Author Topic: Conditional logic  (Read 384 times)

Offline Glom

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Conditional logic
« on: October 04, 2018, 04:29:23 PM »
Everyone check out Ben Eater's channel on YouTube and his playlist of building an 8 bit computer on a breadboard (or more like a dozen breadboards).

It brilliantly demonstrates how computers are not elven magic, but the results of logical result of assembling the atomic components of transisters, capacitors and resistors.

Also, his wires are a work of art. That thing needs displaying in the Louvre.

Here's my issue though and it happened right at the end when he introduced conditional logic in the last video.

This was done by using the flags to inform the microcode selection. The flags, a carry flag for when the adder overflowed, and a zero flag for when the adder was zero, are used as bits in the address on the ROM chips programmed with the micro-instructions for the computer. This means that for the other instructions that aren't conditional, they are duplicated four times.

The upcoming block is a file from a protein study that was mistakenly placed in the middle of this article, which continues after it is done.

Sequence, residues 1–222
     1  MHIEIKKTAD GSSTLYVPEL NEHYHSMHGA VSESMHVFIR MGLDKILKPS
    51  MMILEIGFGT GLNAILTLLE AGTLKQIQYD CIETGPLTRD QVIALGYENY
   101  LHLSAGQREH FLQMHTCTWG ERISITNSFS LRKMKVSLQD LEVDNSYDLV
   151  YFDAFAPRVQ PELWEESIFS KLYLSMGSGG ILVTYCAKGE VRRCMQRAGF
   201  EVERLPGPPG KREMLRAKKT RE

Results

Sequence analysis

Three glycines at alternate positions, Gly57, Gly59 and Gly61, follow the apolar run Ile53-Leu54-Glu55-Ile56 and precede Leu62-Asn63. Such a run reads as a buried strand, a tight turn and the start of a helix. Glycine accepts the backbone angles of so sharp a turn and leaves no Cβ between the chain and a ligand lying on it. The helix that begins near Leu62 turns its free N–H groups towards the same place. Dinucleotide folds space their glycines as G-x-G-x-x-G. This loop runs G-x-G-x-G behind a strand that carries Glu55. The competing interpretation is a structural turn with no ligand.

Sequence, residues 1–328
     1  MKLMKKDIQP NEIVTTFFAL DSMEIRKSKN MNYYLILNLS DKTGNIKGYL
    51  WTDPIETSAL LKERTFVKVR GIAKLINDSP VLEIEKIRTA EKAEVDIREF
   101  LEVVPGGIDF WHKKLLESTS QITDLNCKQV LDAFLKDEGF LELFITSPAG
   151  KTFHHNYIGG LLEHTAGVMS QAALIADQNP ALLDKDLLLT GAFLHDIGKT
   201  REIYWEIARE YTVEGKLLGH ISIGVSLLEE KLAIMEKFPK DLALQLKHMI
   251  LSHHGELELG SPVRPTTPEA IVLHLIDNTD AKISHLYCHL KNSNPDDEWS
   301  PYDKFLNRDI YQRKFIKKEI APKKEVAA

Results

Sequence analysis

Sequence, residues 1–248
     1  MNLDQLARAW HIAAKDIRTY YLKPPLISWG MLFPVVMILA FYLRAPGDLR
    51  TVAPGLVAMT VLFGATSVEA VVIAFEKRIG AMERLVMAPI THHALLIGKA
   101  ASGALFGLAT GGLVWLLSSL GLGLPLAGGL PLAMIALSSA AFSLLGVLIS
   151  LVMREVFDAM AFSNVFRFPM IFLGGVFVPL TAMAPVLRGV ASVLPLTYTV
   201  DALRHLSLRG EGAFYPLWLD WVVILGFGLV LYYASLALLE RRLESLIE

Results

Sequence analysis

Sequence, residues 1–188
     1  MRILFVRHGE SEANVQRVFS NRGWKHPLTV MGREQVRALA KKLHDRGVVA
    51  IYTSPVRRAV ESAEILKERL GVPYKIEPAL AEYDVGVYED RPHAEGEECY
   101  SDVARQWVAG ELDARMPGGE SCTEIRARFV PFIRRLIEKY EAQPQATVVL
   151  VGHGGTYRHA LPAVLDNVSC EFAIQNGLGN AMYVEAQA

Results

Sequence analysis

If the computer gets more sophisticated and you have more flags, this will ridiculous. If you have a 32 bit flags register, your ROM with the microcode will need to be 4 billion times bigger than it needs to be.

How is this conditional logic done really?

Offline bknight

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Re: Conditional logic
« Reply #1 on: October 04, 2018, 06:56:43 PM »
It has been a long time since my programming days, but I seem to remember two flags one for false and one for true, then branches from there.
Zero in many cases is trivial so I'm not sure that one is necessary, unless it might be a math question.  In that case then add an additional flag on either true or false to handle zero.
Truth needs no defense.  Nobody can take those footsteps I made on the surface of the moon away from me.
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Offline ka9q

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Re: Conditional logic
« Reply #2 on: October 05, 2018, 06:53:10 AM »
It's common to use lookup tables this way, at least for small numbers of flags. If he had 32 separate flag bits then that might be a problem, but he doesn't.